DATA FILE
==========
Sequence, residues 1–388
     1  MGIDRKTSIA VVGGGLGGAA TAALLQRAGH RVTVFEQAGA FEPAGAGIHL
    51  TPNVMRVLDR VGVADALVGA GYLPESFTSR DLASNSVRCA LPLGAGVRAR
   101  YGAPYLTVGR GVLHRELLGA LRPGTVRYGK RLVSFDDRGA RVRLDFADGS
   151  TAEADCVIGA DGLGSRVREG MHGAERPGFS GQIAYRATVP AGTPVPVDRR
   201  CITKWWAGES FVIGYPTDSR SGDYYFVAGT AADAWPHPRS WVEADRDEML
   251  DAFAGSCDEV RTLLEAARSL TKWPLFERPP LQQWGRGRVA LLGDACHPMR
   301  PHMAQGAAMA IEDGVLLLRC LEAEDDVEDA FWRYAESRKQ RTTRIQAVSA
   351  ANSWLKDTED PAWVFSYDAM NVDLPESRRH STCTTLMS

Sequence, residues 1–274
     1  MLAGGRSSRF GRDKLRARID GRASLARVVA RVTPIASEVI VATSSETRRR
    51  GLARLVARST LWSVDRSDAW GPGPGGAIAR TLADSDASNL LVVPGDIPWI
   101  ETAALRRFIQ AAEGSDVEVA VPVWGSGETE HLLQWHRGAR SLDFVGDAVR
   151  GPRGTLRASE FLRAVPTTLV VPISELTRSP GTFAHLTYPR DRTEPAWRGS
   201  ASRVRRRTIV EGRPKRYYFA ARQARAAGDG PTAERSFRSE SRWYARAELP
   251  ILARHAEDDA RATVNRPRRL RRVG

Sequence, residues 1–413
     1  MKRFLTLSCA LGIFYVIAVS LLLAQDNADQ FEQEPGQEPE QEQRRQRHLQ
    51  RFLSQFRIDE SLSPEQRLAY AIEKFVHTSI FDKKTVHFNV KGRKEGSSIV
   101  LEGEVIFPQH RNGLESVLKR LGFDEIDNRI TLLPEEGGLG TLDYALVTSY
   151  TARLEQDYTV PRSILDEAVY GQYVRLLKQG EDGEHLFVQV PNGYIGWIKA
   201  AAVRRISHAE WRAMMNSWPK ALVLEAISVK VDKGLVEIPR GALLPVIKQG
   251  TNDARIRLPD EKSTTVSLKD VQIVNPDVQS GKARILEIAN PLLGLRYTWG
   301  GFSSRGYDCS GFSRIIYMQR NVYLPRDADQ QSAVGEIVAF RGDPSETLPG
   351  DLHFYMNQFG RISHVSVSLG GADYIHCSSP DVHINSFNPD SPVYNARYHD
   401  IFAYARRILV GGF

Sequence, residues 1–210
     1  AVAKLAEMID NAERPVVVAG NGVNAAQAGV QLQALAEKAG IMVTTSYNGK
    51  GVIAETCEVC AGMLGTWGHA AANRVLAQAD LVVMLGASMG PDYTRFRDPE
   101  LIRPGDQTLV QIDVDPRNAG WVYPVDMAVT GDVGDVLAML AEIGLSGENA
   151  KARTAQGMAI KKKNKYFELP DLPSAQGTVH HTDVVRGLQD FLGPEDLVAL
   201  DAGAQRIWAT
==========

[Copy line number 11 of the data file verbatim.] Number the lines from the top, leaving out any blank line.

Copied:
     1  MLAGGRSSRF GRDKLRARID GRASLARVVA RVTPIASEVI VATSSETRRR